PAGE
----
Following this, the borders were further cemented by the 1997 Friendship Treaty. Fixed borders are a required standard for Ukraine's recognition by the international community and for any consideration of NATO membership. According to Dale B. Stewart, meeting this standard meant that all questions relating to the establishment of borders needed to first be completely resolved. [See his "The Russian-Ukrainian Friendship Treaty and the Search for Regional Stability in Eastern Europe," December, 1997.] 

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Articles 2 and 3 of the Friendship Treaty were the most important for establishing fixed borders between Ukraine and Russia. Lately, however, Article 2 has become a bit of a problem. It reads: "The High Contracting Parties, in accordance with the provisions of the UN Charter and obligations under the Final Act of the Council for Security and Collaboration in Europe, shall respect each other's territorial integrity, and confirm the inviolability of the borders existing between them.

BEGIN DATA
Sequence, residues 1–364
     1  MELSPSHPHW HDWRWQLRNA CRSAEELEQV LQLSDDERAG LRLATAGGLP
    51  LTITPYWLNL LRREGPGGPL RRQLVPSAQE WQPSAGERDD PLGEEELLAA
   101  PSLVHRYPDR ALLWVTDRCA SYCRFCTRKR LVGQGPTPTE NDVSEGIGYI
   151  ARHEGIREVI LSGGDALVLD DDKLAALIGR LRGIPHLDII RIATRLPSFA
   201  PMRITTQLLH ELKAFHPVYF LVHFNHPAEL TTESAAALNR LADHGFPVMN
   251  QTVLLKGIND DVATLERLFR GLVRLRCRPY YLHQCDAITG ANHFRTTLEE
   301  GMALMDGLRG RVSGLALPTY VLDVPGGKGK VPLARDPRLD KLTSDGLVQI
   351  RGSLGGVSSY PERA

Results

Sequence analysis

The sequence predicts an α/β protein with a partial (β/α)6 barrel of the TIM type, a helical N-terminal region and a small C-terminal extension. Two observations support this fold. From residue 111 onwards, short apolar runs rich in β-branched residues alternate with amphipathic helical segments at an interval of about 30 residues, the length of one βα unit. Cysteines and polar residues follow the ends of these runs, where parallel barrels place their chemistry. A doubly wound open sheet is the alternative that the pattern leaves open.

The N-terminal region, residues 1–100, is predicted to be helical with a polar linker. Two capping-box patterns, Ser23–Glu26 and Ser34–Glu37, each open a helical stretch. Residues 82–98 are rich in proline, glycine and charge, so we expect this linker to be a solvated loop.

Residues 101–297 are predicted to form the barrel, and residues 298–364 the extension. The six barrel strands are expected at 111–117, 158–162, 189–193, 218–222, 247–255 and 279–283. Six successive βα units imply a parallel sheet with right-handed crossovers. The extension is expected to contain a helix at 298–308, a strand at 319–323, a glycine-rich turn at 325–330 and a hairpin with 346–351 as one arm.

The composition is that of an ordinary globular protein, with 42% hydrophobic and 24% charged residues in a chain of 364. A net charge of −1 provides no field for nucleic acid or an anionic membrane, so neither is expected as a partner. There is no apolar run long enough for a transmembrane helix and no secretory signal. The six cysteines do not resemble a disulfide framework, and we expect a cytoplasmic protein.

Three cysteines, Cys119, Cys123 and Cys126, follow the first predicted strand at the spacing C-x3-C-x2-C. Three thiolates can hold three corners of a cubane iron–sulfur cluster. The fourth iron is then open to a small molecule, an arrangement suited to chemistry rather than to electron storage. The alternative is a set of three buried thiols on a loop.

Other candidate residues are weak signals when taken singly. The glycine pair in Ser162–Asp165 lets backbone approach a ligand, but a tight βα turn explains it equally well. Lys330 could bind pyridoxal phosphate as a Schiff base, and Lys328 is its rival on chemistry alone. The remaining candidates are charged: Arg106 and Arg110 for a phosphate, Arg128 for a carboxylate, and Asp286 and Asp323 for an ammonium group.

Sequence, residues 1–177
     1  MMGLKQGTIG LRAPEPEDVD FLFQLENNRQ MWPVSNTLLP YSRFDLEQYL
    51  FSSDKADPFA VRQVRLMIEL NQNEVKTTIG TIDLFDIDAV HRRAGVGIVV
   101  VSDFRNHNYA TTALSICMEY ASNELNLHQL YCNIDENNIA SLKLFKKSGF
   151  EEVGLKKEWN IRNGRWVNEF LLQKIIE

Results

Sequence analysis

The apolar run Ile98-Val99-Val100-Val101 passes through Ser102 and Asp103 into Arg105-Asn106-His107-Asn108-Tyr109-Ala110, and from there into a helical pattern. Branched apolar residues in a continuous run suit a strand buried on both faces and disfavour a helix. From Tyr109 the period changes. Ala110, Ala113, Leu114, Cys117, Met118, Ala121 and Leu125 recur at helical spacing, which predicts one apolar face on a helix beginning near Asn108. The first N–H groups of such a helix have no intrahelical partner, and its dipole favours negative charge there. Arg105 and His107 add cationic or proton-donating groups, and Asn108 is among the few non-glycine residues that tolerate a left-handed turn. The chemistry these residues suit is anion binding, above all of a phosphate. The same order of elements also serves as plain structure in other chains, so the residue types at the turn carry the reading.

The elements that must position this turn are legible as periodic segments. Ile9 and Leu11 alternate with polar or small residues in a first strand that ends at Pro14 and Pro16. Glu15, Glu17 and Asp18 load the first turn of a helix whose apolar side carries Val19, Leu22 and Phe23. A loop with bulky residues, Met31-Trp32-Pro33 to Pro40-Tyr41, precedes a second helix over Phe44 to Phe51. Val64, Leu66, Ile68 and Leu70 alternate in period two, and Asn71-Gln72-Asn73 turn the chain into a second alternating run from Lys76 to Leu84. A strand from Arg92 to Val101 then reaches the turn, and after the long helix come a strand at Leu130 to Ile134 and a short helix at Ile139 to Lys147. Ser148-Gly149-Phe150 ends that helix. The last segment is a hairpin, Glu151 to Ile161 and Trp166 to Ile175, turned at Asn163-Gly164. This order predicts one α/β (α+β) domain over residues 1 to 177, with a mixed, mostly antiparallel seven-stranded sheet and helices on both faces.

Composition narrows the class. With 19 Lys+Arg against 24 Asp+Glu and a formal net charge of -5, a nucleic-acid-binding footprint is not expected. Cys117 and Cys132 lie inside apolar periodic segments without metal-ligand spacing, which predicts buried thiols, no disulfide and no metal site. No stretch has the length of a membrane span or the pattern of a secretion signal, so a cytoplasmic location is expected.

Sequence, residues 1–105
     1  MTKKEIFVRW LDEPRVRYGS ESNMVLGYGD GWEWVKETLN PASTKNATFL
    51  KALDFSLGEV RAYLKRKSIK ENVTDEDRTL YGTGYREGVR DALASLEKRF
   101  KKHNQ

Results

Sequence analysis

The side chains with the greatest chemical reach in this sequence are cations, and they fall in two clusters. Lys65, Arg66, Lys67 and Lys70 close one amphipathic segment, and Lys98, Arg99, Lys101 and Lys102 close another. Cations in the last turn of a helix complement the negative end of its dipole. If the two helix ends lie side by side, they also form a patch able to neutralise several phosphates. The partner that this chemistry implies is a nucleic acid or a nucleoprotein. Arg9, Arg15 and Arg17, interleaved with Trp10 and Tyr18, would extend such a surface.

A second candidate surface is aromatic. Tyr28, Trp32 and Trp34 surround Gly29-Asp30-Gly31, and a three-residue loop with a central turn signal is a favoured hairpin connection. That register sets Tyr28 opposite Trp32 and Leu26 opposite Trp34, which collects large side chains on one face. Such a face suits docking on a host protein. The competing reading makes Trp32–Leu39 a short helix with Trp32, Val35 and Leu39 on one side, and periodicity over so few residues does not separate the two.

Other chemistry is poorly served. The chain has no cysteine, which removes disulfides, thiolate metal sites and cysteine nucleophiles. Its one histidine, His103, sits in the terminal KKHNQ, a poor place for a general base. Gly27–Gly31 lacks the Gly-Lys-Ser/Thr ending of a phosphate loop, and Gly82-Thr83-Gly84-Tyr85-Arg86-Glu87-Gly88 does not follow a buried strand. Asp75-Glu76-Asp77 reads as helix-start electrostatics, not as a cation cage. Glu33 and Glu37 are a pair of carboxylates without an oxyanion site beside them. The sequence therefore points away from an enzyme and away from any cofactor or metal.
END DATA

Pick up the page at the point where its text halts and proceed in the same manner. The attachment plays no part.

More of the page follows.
Understanding Borders

The process of establishing international borders starts with the treaties that bind the countries involved to their mutual recognition. In the case of Ukraine and Russia, those treaties include the original CIS Treaty and the Friendship Treaty.

Creation of the borders begins with the surveying and mathematical work needed to establish approximate locations. The next step is demarcation, which determines the locations of border markers and crossings. To be recognized internationally, the borders need to be registered and demarcated at the UN in accordance with internationally accepted standards and procedures. Lastly, the borders must be delineated--specified in the way you would see them on a map.